UNITED STATES COURT OF APPEALS FOR THE SECOND CIRCUIT
decided: March 13, 1968.
FREDERICK H. PETERSON, APPELLANT,
JOHN GARDNER, SECRETARY OF THE DEPARTMENT OF HEALTH, EDUCATION AND WELFARE, APPELLEE
Lumbard, Chief Judge, Waterman and Feinberg, Circuit Judges.
Author: Per Curiam
Frederick Peterson appeals from an order granting summary judgment for defendant in an action to review a decision of the Secretary of Health, Education and Welfare, brought in the Western District of New York pursuant to 42 U.S.C. § 405(g). We affirm.
Plaintiff's applications for a finding of disability and disability insurance benefits under the provisions of Sections 216(i) and 223, respectively, of the Social Security Act, 42 U.S.C. §§ 416(i), 423, filed on June 15, 1962 and January 21, 1964 were both denied. After a hearing, the Hearing Examiner, on February 25, 1966, found that Peterson had been disabled from June 10, 1950 to the date of decision, and awarded the benefits for which he had applied. On its own motion, the Appeals Council reviewed and reversed the decision of the Hearing Examiner, finding that Peterson was not disabled. Plaintiff then brought this action to review the Appeals Council's decision.
It is conceded that in order to qualify for disability insurance benefits plaintiff must establish that he was under a disability beginning on or before March 31, 1957. The sole question on appeal is whether or not he was disabled on that date.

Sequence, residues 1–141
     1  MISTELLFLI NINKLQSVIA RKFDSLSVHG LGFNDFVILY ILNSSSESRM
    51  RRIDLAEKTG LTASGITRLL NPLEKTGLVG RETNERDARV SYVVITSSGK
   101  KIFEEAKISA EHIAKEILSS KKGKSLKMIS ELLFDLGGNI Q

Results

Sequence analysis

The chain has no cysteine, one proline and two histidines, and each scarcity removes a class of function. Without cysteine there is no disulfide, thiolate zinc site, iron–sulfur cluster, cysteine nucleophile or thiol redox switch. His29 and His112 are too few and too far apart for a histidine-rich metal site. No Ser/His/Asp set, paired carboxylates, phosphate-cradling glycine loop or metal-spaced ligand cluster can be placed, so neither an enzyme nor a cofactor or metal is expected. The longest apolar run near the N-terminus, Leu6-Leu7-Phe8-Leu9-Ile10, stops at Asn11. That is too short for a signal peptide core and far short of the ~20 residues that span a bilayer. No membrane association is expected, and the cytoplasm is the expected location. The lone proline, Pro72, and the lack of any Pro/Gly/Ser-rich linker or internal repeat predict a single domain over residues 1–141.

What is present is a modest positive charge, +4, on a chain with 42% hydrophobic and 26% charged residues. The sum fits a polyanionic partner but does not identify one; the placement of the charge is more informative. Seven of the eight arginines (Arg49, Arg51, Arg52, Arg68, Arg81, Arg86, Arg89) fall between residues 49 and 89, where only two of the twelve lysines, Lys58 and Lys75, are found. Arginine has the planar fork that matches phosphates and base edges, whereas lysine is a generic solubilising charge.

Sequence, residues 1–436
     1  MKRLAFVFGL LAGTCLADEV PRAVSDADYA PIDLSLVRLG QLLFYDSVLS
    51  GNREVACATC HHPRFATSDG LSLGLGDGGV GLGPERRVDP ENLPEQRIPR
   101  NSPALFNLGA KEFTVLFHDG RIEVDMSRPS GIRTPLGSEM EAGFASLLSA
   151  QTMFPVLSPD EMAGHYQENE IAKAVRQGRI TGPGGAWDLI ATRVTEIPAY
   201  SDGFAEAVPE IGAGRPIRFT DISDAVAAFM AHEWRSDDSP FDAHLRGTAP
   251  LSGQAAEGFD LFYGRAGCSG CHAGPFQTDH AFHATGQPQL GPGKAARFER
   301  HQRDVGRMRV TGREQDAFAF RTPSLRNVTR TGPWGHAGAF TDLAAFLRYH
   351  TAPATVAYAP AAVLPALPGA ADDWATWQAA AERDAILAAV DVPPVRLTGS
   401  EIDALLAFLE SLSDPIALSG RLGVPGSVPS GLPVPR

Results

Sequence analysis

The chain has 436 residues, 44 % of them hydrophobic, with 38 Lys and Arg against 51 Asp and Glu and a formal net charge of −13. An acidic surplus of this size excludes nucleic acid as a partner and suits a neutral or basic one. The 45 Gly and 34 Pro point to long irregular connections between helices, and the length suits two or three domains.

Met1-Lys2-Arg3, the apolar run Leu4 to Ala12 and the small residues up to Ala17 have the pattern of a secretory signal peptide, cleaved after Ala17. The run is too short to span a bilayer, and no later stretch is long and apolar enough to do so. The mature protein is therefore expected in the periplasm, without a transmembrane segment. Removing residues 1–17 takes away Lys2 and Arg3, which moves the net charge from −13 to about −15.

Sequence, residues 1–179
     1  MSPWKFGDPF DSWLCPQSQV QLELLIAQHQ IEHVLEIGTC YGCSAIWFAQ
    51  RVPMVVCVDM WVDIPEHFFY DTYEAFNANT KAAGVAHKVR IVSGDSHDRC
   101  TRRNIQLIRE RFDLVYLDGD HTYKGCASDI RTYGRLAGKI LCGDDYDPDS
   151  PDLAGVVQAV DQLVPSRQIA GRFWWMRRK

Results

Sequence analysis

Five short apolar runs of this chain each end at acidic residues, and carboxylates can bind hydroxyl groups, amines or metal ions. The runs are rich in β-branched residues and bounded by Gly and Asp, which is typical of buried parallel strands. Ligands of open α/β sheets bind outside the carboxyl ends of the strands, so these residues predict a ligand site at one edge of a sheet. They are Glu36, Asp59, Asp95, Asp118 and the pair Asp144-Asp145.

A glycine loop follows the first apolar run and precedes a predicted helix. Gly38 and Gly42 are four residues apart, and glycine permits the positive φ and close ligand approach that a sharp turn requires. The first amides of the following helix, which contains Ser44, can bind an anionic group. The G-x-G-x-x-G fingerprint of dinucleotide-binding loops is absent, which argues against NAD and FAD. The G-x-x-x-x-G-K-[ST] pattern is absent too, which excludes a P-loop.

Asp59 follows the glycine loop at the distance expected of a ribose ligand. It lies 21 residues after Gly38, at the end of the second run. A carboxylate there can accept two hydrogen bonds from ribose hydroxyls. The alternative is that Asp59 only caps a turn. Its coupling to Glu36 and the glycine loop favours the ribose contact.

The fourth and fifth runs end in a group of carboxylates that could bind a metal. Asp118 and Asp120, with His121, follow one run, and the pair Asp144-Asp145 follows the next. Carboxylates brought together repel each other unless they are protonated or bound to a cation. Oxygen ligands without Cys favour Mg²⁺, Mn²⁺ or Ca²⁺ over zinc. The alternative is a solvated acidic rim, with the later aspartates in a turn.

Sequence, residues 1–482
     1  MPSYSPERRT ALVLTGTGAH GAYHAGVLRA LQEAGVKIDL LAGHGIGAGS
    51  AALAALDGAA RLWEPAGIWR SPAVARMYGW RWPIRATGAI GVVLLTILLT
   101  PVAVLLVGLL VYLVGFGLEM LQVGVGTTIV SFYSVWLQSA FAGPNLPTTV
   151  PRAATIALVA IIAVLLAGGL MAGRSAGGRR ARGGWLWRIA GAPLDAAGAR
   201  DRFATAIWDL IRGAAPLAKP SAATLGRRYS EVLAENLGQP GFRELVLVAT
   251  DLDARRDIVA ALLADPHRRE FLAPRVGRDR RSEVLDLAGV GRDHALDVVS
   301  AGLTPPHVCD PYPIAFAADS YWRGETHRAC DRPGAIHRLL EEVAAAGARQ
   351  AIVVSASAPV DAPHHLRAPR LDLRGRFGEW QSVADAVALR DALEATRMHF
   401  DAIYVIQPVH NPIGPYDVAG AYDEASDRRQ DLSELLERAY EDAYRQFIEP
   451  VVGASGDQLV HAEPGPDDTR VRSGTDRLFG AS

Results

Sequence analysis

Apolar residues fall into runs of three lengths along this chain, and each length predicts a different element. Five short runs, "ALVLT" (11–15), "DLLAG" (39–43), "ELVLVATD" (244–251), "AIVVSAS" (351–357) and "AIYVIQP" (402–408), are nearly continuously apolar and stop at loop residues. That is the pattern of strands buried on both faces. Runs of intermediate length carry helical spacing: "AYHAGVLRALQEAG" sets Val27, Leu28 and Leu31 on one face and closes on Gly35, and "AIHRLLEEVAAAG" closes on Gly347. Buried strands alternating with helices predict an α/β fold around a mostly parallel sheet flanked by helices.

The only evidence supporting plaintiff's claim of disability is his own testimony. While he claims his disability arose from emphysema, this condition was not diagnosed during periods of hospitalization in 1950, 1951 and 1952, and he did not seek medical care again until 1960. The Secretary is not bound to accept plaintiff's self-serving testimony that he was unable to work in March 1957. Palmer v. Celebrezze, 334 F.2d 306 (3d Cir. 1964). To support his testimony Peterson submitted a doctor's report that his emphysema is progressive and that its onset was prior to 1950. However, his doctor conceded that he could only guess at the degree of plaintiff's disability in 1957, since at that time plaintiff was not under his care.
Aside from Peterson's own testimony, the only support in the record for his claim is the decision of the hearing examiner. While the examiner's finding has some probative force, see Universal Camera Corp. v. NLRB, 340 U.S. 474, 492-497, 95 L. Ed. 456, 71 S. Ct. 456 (1950), in light of Social Security Administration Regulations No. 4, section 404.1513(c), the Appeals Council could properly refuse to find a disability in the absence of any objective medical evidence of plaintiff's respiratory capacity at the time of the claimed disability. See Kerner v. Celebrezze, 340 F.2d 736, 740 (2d Cir. 1965); cert. denied, 382 U.S. 861, 86 S. Ct. 121, 15 L. Ed. 2d 99 (1965); Adams v. Flemming, 276 F.2d 901 (2d Cir. 1960).
© 1998 VersusLaw Inc.